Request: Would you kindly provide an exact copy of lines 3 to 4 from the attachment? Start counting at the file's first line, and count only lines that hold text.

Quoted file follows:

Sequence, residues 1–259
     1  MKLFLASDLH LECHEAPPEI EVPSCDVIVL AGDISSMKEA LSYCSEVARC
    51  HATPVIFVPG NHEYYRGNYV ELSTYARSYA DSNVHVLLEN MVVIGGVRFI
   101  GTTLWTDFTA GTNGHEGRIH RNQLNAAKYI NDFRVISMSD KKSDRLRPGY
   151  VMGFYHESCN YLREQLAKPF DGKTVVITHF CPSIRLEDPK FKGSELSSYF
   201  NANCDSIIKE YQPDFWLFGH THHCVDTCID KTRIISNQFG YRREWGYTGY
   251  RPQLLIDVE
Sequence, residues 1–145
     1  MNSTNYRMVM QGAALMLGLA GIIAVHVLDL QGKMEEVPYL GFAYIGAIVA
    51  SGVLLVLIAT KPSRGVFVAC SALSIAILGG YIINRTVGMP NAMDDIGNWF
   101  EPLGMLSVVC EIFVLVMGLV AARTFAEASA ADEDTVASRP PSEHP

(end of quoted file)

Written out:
    51  HATPVIFVPG NHEYYRGNYV ELSTYARSYA DSNVHVLLEN MVVIGGVRFI
   101  GTTLWTDFTA GTNGHEGRIH RNQLNAAKYI NDFRVISMSD KKSDRLRPGY